In my bookcase there is a volume entitled The Book of the Lincolnshire Seaside. Published in 1981 as part of the centenary celebrations of Nottingham University, it was written by an alumnus of that institution, David A Robinson. It describes the geology, geography and history of the coastline from the north bank of the Wash to the south bank of the Humber. My copy is number 173. At the back is a list of 810 ‘subscribers’, including me at 173.
I recently finished reading Signs Preceding the End of the World by Yuri Herrera. You can find my review at Goodreads. At the back of that book, too, is a list of ‘sponsors’ whose financial support made the publication possible. The UK based publisher of the English translation of this Mexican work offers three levels of subscription, ranging from 2 books per anum at £20 to 6 at £50. Subscribers receive their copy of the book they’ve chosen up to 3 months before it goes on general sale. There are various other perks too.
Whilst the internet has made it easy to set up crowd funding solutions to the problem of financing book publication, or other creative endeavours, the existence of my 1981 published volume demonstrates the concept is not new.
The Irish historian Finn Dwyer is about to publish his book about the Black Death. That, too, has been funded by subscribers, or sponsors, obtained via the crowd funding website fundit.ie. There are other crowd funding sites used by independent and self-publishers. Kickstarter describes itself as ‘the worlds largest funding platform for creative projects’, whilst indiegogo claims to be ‘the largest global site for fundraisers’. It deals with a wider range of non-profit and community projects.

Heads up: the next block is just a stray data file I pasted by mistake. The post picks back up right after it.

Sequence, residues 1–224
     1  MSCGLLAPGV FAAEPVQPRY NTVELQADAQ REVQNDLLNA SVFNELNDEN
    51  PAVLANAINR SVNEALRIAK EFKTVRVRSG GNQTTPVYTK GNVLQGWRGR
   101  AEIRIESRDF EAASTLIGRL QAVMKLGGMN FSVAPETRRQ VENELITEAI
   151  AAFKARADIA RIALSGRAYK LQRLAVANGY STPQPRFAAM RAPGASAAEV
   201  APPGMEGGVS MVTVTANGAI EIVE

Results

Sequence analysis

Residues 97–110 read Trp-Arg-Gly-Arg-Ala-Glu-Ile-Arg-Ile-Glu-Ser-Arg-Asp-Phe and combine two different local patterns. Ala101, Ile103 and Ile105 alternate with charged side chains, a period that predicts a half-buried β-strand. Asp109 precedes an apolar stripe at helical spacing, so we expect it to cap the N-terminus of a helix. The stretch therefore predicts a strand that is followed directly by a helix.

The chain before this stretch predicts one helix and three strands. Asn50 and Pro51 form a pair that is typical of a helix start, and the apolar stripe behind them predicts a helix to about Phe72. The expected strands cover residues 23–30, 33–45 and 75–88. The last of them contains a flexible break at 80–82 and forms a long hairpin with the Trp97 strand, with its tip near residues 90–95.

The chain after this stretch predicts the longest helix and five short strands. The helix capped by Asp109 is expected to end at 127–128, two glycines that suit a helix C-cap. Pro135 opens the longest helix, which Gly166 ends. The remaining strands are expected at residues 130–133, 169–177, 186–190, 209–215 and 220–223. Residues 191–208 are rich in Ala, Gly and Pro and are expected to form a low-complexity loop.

If you want to know more about crowd funding a book project I recommend you read this article.
It is not only creative or socially useful projects that can take advantage of crowd funding opportunities. Small businesses in Ireland can connect with small savers via sites like Linked Finance. Similar platforms exist in other jurisdictions. According to a recent article by Adi Gaskell on the Forbes website, in the USA “These platforms generated an estimated $2.1 billion in investment for startups in 2015”. The article went on to quote a World Bank prediction “that crowdfunding investments will be a $96 billion a year market in developing countries alone by 2025”.
According to the Linked Finance website, “Crowd Lending or P2P Lending was originally invented in Ireland in 1727 by Jonathan Swift when he set up the Irish Loan Fund to lend to small Irish Farmers”.
The key benefit for investors is that their risk is spread. A saver with €1000 might, for example, invest €100 in each of 10 companies. Investors determine the rate of return they require. Loans are repaid over 3 years in monthly installments. The financial health of borrowers is assessed by the Linked Finance team who charge savers a small administration fee. In the unlikely event of a borrower failing to meet his/her commitment, individual investors are exposed only to a small share of the total borrowing.
Such investor-borrower relationships rely heavily on trust. As the Forbes article reminds us, traditional financial institutions continue to score badly on trust, 8 years after the 2008 crash. Couple this with historically low interest rates for savers and bankers’ reluctance to support small business, and you have an environment in which “it is inevitable that the crowd is a market that will continue making waves in the coming years.”